|Scientific Name:||Falco eleonorae|
|Species Authority:||Géné, 1839|
|Taxonomic Source(s):||del Hoyo, J., Collar, N.J., Christie, D.A., Elliott, A. and Fishpool, L.D.C. 2014. HBW and BirdLife International Illustrated Checklist of the Birds of the World. Lynx Edicions BirdLife International.|
|Red List Category & Criteria:||Least Concern ver 3.1|
|Facilitator/Compiler(s):||Burfield, I., Butchart, S., Ekstrom, J., Khwaja, N.|
This species has a very large range, and hence does not approach the thresholds for Vulnerable under the range size criterion (Extent of Occurrence <20,000 km2 combined with a declining or fluctuating range size, habitat extent/quality, or population size and a small number of locations or severe fragmentation). Despite the fact that the population trend appears to be decreasing, the decline is not believed to be sufficiently rapid to approach the thresholds for Vulnerable under the population trend criterion (>30% decline over 10 years or three generations). The population size may be moderately small to large, but it is not believed to approach the thresholds for Vulnerable under the population size criterion (<10,000 mature individuals with a continuing decline estimated to be >10% in 10 years or three generations, or with a specified population structure). For these reasons the species is evaluated as Least Concern.
|Previously published Red List assessments:||
Native:Algeria; Bulgaria; Comoros; Croatia; Cyprus; Egypt; Eritrea; France; Gibraltar; Greece; Israel; Italy; Kenya; Lebanon; Macedonia, the former Yugoslav Republic of; Madagascar; Malawi; Malta; Mayotte; Montenegro; Morocco; Portugal; Serbia (Serbia); Somalia; Spain (Canary Is.); Sudan; Syrian Arab Republic; Tanzania, United Republic of; Tunisia; Turkey
Vagrant:Côte d'Ivoire; Denmark; Djibouti; French Southern Territories; Hungary; Jordan; Libya; Mauritania; Mauritius; Mozambique; Poland; Réunion; Rwanda; Seychelles; South Africa; Sweden; United Arab Emirates; United Kingdom; Yemen
|Continuing decline in area of occupancy (AOO):||Unknown|
|Extreme fluctuations in area of occupancy (AOO):||No|
|Estimated extent of occurrence (EOO) - km2:||140000|
|Continuing decline in extent of occurrence (EOO):||Unknown|
|Extreme fluctuations in extent of occurrence (EOO):||No|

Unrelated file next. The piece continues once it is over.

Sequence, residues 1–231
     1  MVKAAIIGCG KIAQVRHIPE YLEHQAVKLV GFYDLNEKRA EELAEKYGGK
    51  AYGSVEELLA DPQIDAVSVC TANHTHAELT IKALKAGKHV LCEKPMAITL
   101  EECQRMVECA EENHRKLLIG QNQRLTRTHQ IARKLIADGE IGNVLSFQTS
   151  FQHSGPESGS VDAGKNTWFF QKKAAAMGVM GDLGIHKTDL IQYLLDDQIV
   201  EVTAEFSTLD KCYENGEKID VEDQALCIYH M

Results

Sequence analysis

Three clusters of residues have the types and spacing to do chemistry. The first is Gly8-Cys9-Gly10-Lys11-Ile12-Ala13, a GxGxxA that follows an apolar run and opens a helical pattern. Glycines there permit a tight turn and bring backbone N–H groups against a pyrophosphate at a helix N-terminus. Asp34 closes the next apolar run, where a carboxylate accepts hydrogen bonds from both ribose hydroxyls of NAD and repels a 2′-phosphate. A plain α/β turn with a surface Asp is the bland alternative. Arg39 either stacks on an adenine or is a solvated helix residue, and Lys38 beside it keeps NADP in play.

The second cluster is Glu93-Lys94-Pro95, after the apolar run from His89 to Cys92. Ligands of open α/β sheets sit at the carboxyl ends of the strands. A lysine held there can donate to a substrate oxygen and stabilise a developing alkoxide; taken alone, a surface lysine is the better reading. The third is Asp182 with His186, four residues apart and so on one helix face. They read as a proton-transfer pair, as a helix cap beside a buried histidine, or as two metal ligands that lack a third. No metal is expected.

|Continuing decline in number of locations:||Unknown|
|Extreme fluctuations in the number of locations:||No|
|Range Map:||Click here to open the map viewer and explore range.|
|Population:||In Europe (which covers >95% of the breeding range), the breeding population is estimated to be 5,900-6,200 breeding pairs, equating to 11,800-12,600 mature individuals or 17,700-18,600 individuals in total (BirdLife International 2004).
Trend Justification: The population is declining owing to over exploitation of chicks and eggs and loss of habitat caused by an increase in tourism development (del Hoyo et al. 1994).
|Current Population Trend:||Decreasing|
|Habitat and Ecology:||Behaviour The species is fully migratory, leaving its Mediterranean breeding grounds in October and November to winter in Madagascar, East Africa and the Mascarene Islands. The return journey begins in late April and May (del Hoyo et al. 1994). Birds are known to fly as high as 1,000 m during the breeding season (Snow and Perrins 1998). They are generally gregarious (though sometimes solitary), tending to move in small and loose flocks, and on migration often associating with other species flying at high altitudes, including F. subbuteo (Snow and Perrins 1998, Ferguson-Lees and Christie 2001). They hunt mainly at twilight (del Hoyo et al. 1994). Habitat Birds usually breed and stop over on small islands and islets, wintering mainly in open woodland on Madagascar (del Hoyo et al. 1994). Diet It feeds on large flying insects and small birds (del Hoyo et al. 1994). Breeding site Birds nest in the holes and ledges of sea cliffs, or on the ground (del Hoyo et al. 1994). Management information The species appears to require very peaceful or uninhabited islands on which to breed, with direct exploitation and development both shown to be negative consequences of close proximity to people; effective protection has led to strong recoveries where implemented (del Hoyo et al. 1994).|
|Continuing decline in area, extent and/or quality of habitat:||Unknown|
|Generation Length (years):||6.4|
|Movement patterns:||Full Migrant|
|Congregatory:||Congregatory (and dispersive)|
The species has historically suffered from exploitation and persecution brought about by local people. Human disturbance associated with tourism development has also been shown to negatively influence birds’ breeding success (del Hoyo et al. 1994). Predation by rats is also possibly important on some breeding islands (Ferguson-Lees and Christie 2001). The species is vulnerable to the effects of potential wind energy development (Strix 2012).
|Citation:||BirdLife International. 2013. Falco eleonorae. The IUCN Red List of Threatened Species 2013: e.T22696442A40714293. http://dx.doi.org/10.2305/IUCN.UK.2013-2.RLTS.T22696442A40714293.en . Downloaded on 07 October 2015.|
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